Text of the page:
White Wedding Cakes…
In the minds of most people, wedding cakes are supposed to be white. The symbolism attached to the color white, makes explaining this tradition rather simple. White has always denoted purity, and it relates to white wedding cake icing that first appeared in Victorian times. Another way in which a white wedding cake relates to the symbol of purity, has its basis in the fact that the wedding cake was originally referred to as the bride’s cake. This not only highlighted the bride as the central figure of the wedding, but also created a visual link between the bride and the cake. Today, that link is being further strengthened as more contemporary brides have contemporary wedding cakes co-ordinated with their wedding gown colour, even if it’s not white! Previous to Victorian times, most wedding cakes were also white, but not because of the symbolism. Ingredients were very difficult to come by, especially those required for icing. White icing required the use of only the finest refined sugar, so the whiter the cake, the more affluent the families appeared. A white wedding cake became an outward symbol of affluence.
Cutting the Wedding Cake…
Wedding cakes take centre stage in the traditional cake cutting ceremony, symbolically the first task that bride and groom perform jointly as husband and wife. This is one tradition that most of us have witnessed many times. The first piece of wedding cake is cut by the bride with the “help” of the groom. This task originally was delegated exclusively to the bride. It was she who cut the wedding cake for sharing with her guests. Distributing pieces of wedding cake to one’s guests is a part of that tradition from the Roman Empire when guests clamoured for the crumbs. But, as numbers of wedding party guests grew, so did the size of the wedding cake, making the distribution process impossible for the bride to undertake on her own. Wedding cake cutting became more difficult with early multi-tiered cakes, because the icing had to be hard enough to support the wedding cake’s own weight. This made cutting the wedding cake a joint project. After the cake cutting ceremony, the couple proceed to feed one other from the first slice. This provides another lovely piece of symbolism, the mutual commitment of bride and groom to provide for one another.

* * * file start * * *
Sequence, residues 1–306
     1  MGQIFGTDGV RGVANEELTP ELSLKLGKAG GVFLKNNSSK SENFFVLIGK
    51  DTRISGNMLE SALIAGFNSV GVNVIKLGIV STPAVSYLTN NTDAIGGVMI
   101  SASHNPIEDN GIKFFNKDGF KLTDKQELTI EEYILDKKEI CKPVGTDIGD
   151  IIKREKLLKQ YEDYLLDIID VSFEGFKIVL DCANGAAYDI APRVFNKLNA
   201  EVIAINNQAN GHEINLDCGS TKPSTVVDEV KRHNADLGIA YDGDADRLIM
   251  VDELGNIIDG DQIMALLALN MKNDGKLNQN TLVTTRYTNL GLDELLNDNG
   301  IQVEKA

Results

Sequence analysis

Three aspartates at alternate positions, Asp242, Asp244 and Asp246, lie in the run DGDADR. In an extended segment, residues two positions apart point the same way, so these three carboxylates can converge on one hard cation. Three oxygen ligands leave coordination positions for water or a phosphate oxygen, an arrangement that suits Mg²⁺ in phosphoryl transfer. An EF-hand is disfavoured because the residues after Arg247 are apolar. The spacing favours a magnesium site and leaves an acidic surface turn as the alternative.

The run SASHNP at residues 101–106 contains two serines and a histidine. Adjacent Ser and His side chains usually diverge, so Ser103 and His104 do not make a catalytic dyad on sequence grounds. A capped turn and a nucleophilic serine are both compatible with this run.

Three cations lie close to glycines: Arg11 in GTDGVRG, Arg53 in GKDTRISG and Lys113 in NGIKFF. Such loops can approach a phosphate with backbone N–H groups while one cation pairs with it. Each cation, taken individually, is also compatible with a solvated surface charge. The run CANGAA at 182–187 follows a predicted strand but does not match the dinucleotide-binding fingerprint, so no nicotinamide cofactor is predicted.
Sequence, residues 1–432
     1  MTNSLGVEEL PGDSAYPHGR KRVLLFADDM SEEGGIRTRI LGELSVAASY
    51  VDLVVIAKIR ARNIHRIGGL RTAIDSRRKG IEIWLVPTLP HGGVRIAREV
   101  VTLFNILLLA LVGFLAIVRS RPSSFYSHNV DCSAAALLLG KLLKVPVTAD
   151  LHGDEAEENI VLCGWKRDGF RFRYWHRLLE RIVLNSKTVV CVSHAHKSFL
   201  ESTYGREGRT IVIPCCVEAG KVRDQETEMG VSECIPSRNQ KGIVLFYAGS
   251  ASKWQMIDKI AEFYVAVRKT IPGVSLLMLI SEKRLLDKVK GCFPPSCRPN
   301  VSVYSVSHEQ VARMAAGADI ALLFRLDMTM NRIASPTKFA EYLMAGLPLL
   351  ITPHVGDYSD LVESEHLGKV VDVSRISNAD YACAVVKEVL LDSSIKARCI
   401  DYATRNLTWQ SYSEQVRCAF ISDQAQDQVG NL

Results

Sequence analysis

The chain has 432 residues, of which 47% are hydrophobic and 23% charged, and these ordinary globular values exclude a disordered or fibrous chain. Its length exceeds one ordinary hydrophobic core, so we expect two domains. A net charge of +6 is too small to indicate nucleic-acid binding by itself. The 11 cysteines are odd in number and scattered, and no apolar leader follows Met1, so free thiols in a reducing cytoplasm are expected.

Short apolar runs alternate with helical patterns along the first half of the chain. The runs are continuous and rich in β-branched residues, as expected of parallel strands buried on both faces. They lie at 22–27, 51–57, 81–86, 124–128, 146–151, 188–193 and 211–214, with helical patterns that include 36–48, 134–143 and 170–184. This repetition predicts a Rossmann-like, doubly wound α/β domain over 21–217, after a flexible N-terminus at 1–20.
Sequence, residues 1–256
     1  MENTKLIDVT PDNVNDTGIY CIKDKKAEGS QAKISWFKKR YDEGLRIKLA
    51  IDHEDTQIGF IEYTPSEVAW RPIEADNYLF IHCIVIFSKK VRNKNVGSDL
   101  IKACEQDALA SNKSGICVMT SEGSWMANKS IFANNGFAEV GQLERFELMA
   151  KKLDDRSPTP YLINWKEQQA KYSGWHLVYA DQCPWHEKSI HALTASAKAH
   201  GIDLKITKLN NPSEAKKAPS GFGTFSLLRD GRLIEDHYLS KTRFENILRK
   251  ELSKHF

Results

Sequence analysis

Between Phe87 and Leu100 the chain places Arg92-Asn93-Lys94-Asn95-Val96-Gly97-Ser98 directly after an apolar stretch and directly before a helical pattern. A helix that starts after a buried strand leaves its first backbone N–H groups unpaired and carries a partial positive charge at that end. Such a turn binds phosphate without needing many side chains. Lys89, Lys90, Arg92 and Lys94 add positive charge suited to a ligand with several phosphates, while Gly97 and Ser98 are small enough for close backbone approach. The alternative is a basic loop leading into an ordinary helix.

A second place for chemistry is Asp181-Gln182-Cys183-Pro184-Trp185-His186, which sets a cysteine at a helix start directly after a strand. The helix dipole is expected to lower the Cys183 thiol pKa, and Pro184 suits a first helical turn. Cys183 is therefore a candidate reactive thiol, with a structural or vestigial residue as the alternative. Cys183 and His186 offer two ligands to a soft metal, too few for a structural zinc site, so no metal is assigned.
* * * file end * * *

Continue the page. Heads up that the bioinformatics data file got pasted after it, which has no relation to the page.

Multi Tiered Wedding Cakes…
The once simple wedding cake has evolved into what today is a multi-tiered extravaganza. The multi-tiered wedding cake was originally reserved for English royalty. Even for the nobility, the first multi-tiered wedding cakes were real in appearance only. Their upper layers were mock-ups made of spun sugar. Once the problem of preventing the upper layers from collapsing into the lower layers was solved, a real multi-tiered wedding cake could be created. Pillars as decoration existed long before multi-tiered wedding cakes appeared, so it was a natural progression for cake bakers to try using pillars as a way to support the upper tiers. To prevent the pillars from sinking into the bottom tier, icing was hardened to provided the necessary support. There are some brides today who can’t resist saving the top layer of her multi-tiered cake. Couples freeze the wedding cake with the intention of sharing it on their first wedding anniversary. The tradition has its roots in the late 19th century when grand cakes were baked for christenings. It was assumed that the christening would occur soon after the wedding ceremony, so the two ceremonies were often linked, as were the cakes. With modern wedding cakes becoming more and more fancy and elaborate, the christening cake quickly took a back seat to the wedding cake. When three-tiered cakes became popular, the top tier was often left over. A subsequent christening provided a perfect opportunity to finish the wedding cake. Couples could then logically rationalize the need for three tiers — the bottom tier for the reception, the middle tier for distributing and the top for the christening. As the time between the weddings and the christenings widened, the two events became disassociated, and the reason for saving the top tier of the wedding cake changed. Regardless of the underlying reason, when the couple finally does eat the top tier, it serves as a very pleasant reminder of their very special day.